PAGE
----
The 22nd Amendment ensures that a new commander in chief will be sworn in on Jan. 20, 2009. But some Americans aren't willing to wait that long.
To mark the one-year anniversary of President Bush's reelection Wednesday, a group called The World Can't Wait staged rallies at sites across the United States, calling for radical change in Washington.
"We seek to create a political situation where the Bush administration's program is repudiated, where Bush himself is driven from office, and where the whole direction he has been taking U.S. society is reversed," the group, which formed last summer, said in its mission statement.
The rallies came at a time at which the Bush administration may be at its weakest point since it assumed power in 2001. The government's response to Hurricane Katrina and the rising death toll in Iraq, and the indictments of the top House Republican and a senior administration official have further emboldened the opposition. According to a CBS News poll conducted this week, Mr. Bush's job approval rating is now 35 percent, the lowest number of his presidency. Organizers of Wednesday's rallies hoped to utilize this rocky time for the Republican establishment to tap into public discontent and generate steam for their movement.
"I think people have a sense that history is turning right now. It's kind of a Rosa Parks moment," World Can't Wait supporter and author Larry Everest said.
The New York rally drew a crowd of what appeared to be thousands of protesters, who ranged in their political affiliations from moderate Democrats to members of the Revolutionary Communist Party. But the demonstration was not able to attract the hundreds of thousands of people and significant media attention that past anti-war protests generated.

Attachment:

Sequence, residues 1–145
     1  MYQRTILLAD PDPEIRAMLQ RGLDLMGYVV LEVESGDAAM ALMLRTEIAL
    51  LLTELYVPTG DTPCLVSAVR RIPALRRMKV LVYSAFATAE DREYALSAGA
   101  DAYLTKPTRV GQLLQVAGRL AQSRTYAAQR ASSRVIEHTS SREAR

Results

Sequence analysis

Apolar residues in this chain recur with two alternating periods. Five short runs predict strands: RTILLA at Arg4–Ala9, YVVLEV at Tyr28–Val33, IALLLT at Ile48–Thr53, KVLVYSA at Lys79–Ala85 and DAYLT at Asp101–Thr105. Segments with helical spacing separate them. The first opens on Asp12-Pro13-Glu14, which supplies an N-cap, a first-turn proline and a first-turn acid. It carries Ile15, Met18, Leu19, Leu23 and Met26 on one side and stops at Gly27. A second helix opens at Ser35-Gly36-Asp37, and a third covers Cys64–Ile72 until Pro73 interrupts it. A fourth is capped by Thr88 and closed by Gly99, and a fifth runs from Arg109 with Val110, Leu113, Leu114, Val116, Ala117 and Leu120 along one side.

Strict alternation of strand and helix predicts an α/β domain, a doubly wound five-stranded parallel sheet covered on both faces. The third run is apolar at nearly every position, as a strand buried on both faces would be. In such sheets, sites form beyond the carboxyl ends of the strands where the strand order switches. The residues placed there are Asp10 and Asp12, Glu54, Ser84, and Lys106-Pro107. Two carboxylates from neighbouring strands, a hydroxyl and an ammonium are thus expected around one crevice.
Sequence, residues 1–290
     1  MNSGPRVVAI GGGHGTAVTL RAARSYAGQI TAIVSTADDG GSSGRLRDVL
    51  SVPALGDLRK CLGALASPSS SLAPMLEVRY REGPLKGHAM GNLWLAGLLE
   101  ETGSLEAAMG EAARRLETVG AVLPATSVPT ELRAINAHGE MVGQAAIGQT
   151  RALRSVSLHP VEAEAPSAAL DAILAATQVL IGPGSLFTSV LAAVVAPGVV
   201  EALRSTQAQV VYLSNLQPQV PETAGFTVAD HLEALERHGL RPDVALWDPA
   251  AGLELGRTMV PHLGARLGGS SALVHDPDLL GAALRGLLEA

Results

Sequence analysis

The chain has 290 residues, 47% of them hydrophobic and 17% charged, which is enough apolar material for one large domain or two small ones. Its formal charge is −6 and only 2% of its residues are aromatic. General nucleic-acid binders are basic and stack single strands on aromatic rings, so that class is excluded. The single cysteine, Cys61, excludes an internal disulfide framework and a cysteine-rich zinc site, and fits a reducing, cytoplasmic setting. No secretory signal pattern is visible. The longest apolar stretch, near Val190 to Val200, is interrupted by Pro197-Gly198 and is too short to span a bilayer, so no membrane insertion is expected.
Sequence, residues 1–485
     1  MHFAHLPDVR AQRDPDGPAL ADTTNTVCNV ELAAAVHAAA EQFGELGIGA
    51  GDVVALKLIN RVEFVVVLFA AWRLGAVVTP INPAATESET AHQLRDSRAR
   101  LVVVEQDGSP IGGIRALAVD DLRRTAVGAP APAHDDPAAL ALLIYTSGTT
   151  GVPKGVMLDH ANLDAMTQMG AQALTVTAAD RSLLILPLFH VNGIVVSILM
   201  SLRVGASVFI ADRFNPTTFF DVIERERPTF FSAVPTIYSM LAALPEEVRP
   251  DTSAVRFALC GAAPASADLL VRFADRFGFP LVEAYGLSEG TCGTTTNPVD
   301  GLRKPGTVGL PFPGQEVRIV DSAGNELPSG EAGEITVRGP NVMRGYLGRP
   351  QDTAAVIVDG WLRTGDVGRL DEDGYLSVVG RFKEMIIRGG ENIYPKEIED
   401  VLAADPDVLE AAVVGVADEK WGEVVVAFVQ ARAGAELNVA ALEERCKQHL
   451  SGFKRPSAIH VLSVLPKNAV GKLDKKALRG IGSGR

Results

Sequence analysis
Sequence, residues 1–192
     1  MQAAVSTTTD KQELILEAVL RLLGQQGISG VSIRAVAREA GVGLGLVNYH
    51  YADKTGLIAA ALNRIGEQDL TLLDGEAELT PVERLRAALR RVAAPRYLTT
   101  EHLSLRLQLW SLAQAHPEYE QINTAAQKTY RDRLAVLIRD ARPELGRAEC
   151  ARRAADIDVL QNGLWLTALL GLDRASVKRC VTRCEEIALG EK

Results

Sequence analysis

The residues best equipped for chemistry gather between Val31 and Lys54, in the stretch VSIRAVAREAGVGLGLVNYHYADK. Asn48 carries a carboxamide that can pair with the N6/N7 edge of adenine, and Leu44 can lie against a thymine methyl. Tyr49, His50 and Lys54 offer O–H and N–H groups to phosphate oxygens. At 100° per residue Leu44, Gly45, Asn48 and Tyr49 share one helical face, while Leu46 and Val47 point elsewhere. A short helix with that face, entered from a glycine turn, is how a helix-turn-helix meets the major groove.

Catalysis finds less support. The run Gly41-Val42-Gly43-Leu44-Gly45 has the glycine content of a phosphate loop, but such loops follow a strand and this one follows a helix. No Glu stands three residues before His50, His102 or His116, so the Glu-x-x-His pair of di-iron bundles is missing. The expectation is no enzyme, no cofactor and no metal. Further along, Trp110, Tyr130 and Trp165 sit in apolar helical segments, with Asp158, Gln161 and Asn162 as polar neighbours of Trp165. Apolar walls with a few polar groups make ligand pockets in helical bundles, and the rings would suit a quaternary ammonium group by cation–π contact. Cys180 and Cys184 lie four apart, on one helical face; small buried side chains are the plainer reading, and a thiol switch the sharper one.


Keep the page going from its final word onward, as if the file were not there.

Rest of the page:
"I wish there were more people here," Janice Bryant of New York said. "I don't understand what everybody's thinking in this country. What do people need to understand that these people in this administration need to go?"
While the World Can't Wait organization hopes to initiate a public drive that will eventually force President Bush out of the White House, the group does not attempt to lay out the chain of events that would produce such an outcome. Some protesters in New York admitted to feeling somewhat powerless and were not optimistic about the prospects of a regime change in Washington.
"Democrats are in a catch-22 situation because they have the evidence to impeach him. The Downing Street memos are like a smoking gun ... but the House is Republican, the Senate is Republican and the courts are Republican," a protester named Anthony, who didn't want to reveal his last name, asserted.
The group is certainly not afraid to take controversial stances, and its Web site repeatedly warns that the United States government is headed toward fascism. But that has not stopped several prominent critics of the Bush administration from lending their support to the group, including iconic writers Gore Vidal and Kurt Vonnegut, "peace mom" Cindy Sheehan and the winner of the 2005 Noble Prize for literature, Harold Pinter.
"The Bush administration is the most dangerous force that has ever existed. It is more dangerous than Nazi Germany because of the range and depth of its activities and intentions worldwide," Pinter wrote in a statement to the group.
A significant number of attendees at the New York rally were high school and college students who walked out of class or played hooky for the day in order to attend the event. Maris Gelman is a 14-year-old student at The Bard High School Early College, but on this day she traded in her school clothes for the "Resist Or Die!" t-shirt that was popular among youths at the rally.
"I think that Bush is really driving our country into a hole, and it's inappropriate. We don't need this, we need to get better," she said.
A small group of about a dozen counter-protesters stood outside the designated area that NYPD officers had cordoned off and waved American flags. Sarah Chambers, a member of the NYU College Republicans, was one of them. She held up her homemade poster that read "Hippies Go Home!" and criticized the rallies' organizers for telling kids to skip school in order to come to the event.
"I think a lot of them don't really know what's going on," she said of the contingency of high school students. "I don't know how educated many of them are as far as the actual issues. I think it's kind of a bandwagon effect."
By Scott Conroy
By Scott Conroy